Researchers from the Howard Florey Institute, the University of Melbourne and the Mental Health Research Institute of Victoria, have devised a diagnostic test for Parkinson’s disease (PD), which would not only measure the levels of
'alpha-synuclein' protein in the blood, but also check the effect of candidate drugs in improving the level of the protein. If this blood test clears the clinical trials then there may be some hope in PD diagnosis to normalize the level of alpha-synuclein and bring many forms of PD to the forefront for efficient diagnosis.
Meanwhile, researchers at the Wellcome Trust Centre for Neuroimaging in London analyzed the effect of dopamine- related drugs on patients suffering from Parkinson’s disease (PD). The study included 39 healthy people, aged 18 to 39. Divided into three groups, they were administered levodopa, which increases dopamine levels in the brain, a dopamine receptor blocker called haloperidol (which decreases dopamine activity), and placebo respectively. Inference from the study was that dopamine drive leads people to compulsive behavior. The study is expected to look into the therapy that would control the effect of dopamine-related drugs, thereby controlling the compulsive behavior of PD victims.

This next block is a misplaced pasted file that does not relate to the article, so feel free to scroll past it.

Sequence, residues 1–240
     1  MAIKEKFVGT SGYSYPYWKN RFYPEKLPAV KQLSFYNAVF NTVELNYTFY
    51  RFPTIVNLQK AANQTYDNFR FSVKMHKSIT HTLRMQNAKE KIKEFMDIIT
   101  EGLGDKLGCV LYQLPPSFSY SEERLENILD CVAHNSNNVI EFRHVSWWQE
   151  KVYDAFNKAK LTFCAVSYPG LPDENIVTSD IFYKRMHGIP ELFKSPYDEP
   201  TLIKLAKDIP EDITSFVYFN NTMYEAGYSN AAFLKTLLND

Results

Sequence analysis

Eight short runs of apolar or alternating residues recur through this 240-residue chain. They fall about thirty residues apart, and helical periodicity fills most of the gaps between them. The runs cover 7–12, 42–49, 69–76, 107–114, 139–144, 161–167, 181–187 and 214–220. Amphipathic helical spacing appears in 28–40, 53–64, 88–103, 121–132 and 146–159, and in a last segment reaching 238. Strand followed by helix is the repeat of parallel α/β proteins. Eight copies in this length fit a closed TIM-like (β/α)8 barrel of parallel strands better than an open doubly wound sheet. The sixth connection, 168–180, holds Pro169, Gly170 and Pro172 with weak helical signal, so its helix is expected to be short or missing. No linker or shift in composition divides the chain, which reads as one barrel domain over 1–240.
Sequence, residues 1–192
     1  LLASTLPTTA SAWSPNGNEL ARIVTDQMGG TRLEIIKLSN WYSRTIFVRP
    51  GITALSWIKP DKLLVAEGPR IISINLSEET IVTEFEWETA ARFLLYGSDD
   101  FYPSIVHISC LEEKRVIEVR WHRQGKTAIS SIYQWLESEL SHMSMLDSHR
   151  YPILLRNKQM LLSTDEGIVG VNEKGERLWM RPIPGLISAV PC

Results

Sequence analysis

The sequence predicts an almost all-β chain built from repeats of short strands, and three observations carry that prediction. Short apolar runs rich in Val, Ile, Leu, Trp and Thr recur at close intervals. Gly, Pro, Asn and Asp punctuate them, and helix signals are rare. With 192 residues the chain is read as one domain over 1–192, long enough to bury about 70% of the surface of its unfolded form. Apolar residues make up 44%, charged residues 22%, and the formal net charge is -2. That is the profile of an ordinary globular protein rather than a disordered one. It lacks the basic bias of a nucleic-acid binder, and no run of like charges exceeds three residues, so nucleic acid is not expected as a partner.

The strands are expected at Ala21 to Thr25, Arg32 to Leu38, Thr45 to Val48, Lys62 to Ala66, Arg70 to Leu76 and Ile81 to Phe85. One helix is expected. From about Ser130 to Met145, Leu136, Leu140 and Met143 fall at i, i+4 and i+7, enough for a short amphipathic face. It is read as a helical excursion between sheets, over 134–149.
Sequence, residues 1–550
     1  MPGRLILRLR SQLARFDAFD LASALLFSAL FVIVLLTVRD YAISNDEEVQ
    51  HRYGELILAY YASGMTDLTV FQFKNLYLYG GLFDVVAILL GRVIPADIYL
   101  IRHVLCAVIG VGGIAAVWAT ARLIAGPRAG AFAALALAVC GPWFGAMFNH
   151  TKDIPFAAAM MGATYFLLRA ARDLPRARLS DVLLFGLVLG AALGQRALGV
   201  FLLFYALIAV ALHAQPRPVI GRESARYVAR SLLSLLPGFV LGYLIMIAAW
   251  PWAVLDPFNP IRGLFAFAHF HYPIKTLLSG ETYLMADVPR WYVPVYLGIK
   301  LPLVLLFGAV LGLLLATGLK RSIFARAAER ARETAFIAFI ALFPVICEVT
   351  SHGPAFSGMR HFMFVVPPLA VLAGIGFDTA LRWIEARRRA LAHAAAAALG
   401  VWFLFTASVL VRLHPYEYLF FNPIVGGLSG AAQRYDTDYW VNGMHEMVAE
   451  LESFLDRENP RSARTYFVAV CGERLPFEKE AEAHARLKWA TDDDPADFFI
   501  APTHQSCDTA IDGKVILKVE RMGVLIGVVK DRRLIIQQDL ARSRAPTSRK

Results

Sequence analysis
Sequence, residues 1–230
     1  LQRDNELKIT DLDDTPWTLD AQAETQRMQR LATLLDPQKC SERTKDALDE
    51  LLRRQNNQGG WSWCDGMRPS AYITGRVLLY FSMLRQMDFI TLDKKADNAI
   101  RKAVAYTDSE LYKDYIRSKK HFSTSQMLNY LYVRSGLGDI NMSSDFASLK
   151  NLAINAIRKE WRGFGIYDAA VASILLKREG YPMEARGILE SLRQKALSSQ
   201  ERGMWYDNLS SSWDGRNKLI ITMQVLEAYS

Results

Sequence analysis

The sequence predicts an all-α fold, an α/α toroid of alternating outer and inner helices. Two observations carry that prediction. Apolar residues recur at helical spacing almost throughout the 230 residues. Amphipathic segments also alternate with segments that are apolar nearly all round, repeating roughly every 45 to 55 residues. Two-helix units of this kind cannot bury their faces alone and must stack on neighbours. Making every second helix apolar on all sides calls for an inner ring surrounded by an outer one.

A recent study on Parkinson’s disease (PD) claims to determine the impact of exercise in preventing the symptoms of PD. “The idea behind it is if we force them to pedal at a higher rate, this rate will allow them to have biochemical changes that are necessary for improvements in motor function. There's a possibility that there's an increase in dopamine, or there's a possibility that there's an increase in these neuro growth factors”, said Dr. Jay Albers of the Cleveland Clinic. Certain exercises like yoga, meditation improves the functioning of brain, and hence there are chances of exercise to ward-off the symptoms of PD in the primary phase.
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